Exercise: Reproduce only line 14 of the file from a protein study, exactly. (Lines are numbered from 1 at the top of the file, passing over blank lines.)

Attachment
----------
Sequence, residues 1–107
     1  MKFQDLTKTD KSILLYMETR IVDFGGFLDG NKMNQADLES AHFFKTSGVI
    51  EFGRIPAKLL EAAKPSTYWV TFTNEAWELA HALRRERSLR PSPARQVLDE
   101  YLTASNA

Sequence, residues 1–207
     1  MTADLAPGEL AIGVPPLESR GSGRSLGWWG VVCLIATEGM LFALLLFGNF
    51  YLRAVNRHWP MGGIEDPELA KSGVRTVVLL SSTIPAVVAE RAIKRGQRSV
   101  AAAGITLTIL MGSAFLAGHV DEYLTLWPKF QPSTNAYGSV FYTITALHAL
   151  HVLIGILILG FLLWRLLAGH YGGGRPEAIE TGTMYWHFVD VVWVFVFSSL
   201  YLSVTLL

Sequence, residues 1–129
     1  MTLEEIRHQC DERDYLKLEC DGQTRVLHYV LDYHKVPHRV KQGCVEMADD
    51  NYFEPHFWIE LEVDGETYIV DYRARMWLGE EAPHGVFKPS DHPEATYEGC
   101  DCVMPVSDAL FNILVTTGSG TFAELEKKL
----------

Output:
   101  DCVMPVSDAL FNILVTTGSG TFAELEKKL